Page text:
Blitz Kids, Punks, Mods and Skins: The book “The Bag I’m In” shows 36 subcultures from England. Author Sam Knee shares a view into the family album of the teenage rebels in advance.
Ever since Great Britain is regarded as the hotbed of the newest fashion and music trends. Teenager from all over the world looked on England to thankfully borrow from its youth cultures – now book author Sam Knee, Mode-A cionado and kid of the late 60s compiled the most interesting subcultures of the British islands in more than 300 pages of his new book “The Bag I’m In” and gives INDIE an exclusive impression. Knee specifies the internationally style-defining times as the years 1960 to 1990. „The Bag I’m In sets out to excavate, explore, dissect and connect the evolution of 36 of Britain’s most radical, vital underground scenes from 1960 to 1990 – undoubtedly the most actionpacked 30 years of UK youth history.“ In his book he portrays the youth scene with yet unpublished snap shots of private photo collections: „In order to reflect this complex reality, the book had to feel genuine, personal – warts’n’all, like an extended family photo album – not some superficial, soulless survey. I channeled deep, contacting original scenesters and band members for unseen photos and tidbits about their sartorial getups from back in the day. People were incredibly generous, contributing heaps of personal archive material – way more than I could end up using.“
From Leatherboys to Mods, Space Rock, Punk, Shoegaze to Baggy – every scene is extensively explained by Knee: Where does it originate from, which bands belong to it, how was the look and how did the outfits develop? Some of the several tribes listed did not reach overly big popularity – Medway Garage (1981-85) or Suedeheads (1970-71) for example appear to be specific Britain phenomena with a low global spread. Also many of the Mod versions between 1961 and 1985 let gape the non-britain non-mod of the 21st century. This photo-english look pervades all decades – and comes back in reliable regularity until today. Also Knees personal imprinting goes back to that: „My own musical/sartorial journey started at secondary modern school in Leigh-on-Sea, when I first became aware of the mythical ’60s through the ’79 mod revival, which briefly engulfed the post punk generation.“
Why England became a trendsetter nation Sam Knee explains with the mixing of cultures within the country: „The seeds of the scenes originate in the generic state school system; secondary moderns, comprehensives and grammar schools – where kids exist on a street level around other kids and cultures in the great mishmash of society that makes up Britain.“ But this coexistence lead to more and more violence between the youth groups in the late 80s. Many styles existed parallel or only for a short time. In the early years of the decade Goths, Psychobillys, Mods, Skinheads, Rockabillys, Anarcho-Punks und New Romantics competed for the rank as the most spectacular splinter-group.
Who loses the overview browses until the end of the book: In delightful-naive style of drawing the french illustrator Florence Bamberger illustrates every scene with one couple, which is dressed exemplary – plus short explanations for the outfits. A nice DIY-guidance for admirer of vintage-trends. The retro optic of the photography is not staged. The depicted types are as authentic as the quality of the images. The non-perfect allows an intimate view on the scenes. Like reading through a family album one browses through the sides and discovers old acquaintances and surprises by looking closely. Knees parents, Janet and Robert, enjoy their youth as Beatniks in the beginning of the 60s, whilst artist Tracey Emin dances exuberantly to the music of the Milkshakes. The 16 years old John Ritchie proudly presents his Ziggy-Stardust-shirt combined with flared pants in 1973 – six years later he, as punk-icon Sid Vicious, dies of an overdose of heroin.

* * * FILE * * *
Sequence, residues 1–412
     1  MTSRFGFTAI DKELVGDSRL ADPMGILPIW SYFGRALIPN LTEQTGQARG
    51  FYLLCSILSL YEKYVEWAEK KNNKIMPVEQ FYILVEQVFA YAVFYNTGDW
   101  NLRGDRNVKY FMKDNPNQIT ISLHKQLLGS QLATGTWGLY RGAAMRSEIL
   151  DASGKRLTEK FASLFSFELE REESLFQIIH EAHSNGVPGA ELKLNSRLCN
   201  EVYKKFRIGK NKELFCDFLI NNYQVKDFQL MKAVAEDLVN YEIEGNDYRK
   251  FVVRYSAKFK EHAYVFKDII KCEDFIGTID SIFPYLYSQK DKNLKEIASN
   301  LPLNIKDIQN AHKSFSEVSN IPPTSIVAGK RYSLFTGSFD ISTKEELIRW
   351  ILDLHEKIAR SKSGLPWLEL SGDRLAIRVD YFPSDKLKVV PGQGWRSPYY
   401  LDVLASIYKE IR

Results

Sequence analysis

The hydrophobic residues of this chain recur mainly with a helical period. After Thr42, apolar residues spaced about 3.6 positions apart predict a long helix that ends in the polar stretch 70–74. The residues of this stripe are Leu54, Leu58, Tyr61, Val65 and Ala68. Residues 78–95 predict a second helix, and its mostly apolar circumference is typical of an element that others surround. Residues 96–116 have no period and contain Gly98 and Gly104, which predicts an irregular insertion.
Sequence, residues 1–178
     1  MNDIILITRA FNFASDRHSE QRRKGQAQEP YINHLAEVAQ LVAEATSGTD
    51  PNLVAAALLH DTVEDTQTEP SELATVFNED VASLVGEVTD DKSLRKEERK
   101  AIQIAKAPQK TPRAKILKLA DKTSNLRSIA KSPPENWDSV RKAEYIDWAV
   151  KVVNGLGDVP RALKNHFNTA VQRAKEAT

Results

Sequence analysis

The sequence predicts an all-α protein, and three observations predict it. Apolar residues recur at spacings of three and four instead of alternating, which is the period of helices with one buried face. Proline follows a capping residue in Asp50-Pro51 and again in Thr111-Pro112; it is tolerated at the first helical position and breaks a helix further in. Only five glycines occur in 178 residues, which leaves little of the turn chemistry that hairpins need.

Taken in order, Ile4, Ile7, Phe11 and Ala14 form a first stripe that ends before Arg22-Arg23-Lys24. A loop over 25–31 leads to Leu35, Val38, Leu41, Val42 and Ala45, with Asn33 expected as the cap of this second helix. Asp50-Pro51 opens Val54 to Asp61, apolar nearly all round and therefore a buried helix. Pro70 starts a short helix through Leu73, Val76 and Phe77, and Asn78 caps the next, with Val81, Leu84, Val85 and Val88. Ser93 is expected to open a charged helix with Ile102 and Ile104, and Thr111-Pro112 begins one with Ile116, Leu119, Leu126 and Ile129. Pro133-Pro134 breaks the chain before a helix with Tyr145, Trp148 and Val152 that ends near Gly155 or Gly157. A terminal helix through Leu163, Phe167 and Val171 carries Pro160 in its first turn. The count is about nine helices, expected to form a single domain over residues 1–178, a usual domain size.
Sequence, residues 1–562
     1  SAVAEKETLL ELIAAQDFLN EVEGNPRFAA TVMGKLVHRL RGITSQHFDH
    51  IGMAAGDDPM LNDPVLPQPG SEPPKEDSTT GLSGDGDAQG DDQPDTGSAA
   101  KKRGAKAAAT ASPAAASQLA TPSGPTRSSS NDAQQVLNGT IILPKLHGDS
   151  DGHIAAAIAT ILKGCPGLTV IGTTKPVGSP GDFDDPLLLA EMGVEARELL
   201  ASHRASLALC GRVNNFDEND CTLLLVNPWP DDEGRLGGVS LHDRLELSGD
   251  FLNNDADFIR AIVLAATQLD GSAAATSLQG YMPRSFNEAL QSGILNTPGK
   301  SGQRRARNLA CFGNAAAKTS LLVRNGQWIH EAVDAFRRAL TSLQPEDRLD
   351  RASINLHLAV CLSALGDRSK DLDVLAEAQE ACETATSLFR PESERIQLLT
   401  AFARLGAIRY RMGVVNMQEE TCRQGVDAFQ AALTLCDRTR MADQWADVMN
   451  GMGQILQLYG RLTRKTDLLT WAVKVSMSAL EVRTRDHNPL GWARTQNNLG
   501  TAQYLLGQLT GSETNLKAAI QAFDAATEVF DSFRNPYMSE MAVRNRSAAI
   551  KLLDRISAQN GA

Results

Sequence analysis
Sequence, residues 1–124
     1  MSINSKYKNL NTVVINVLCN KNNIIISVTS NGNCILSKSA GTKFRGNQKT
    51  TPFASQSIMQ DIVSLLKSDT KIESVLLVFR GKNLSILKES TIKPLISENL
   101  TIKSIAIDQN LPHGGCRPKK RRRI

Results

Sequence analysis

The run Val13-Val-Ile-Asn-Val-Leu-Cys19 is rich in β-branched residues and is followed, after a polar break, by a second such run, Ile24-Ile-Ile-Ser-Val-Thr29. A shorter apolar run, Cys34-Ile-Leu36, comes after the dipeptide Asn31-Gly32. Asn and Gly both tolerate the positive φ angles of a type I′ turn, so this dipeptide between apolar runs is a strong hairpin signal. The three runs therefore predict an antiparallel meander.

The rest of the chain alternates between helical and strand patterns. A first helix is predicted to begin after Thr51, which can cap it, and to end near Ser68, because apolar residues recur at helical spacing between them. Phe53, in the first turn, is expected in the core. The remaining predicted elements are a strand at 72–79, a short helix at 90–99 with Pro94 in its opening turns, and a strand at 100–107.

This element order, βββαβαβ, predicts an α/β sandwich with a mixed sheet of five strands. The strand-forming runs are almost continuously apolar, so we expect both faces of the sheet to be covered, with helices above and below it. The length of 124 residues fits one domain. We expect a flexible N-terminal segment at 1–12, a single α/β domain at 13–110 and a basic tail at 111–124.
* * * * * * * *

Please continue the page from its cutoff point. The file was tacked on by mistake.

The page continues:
The book ends with the Madchester scene: The soundtrack to it comes from the Stone Roses and Happy Monday, nucleus of the scene is the club Hacienda in Manchester. Knee writes: „By 1988 the scene was overground, coinciding with the acid house, ravey summer of love. Soon the nation’s youth were decked out in baggy, tiedyed t-shirts, bucket hats and dungarees, and the scene approached commercial critical mass. The movement hit its zenith at a Stone Roses gig on Spike Island in the Mersey Estuary in May 1990 – the Woodstock of the E generation. 28,000 teenagers gathered in Stone Roses t-shirts and bid farewell to the ’80s.“
Underground became mainstream, England lost its interpretational sovereignty to the US. Because of that Knee ends his search in this year: „I ended this adventure in 1990, as this is where I feel that the pioneering British Indie youth cultures reached full circle, giving way to American imports (such as riot grrrl and grunge), or a diluted state of insipid regurgitation (Britpop).“ After Techno and Grunge in the 90s only warmed up trends followed, the US was ahead with Hip Hop, RnB and Soul. The most current british Indie-bands plead on the models from the 70s and 80s, retro trend strings after retro trend. Good, we know the originals now, thanks to Sam Knee.
The Bag I‘m In: Underground Music and Fashion in Britain, 1960-1990, By Sam Knee, Prologue by Bobby Gillespie, 336 pages, Cicada Books
All images from The Bag I’m In
By Esther Stein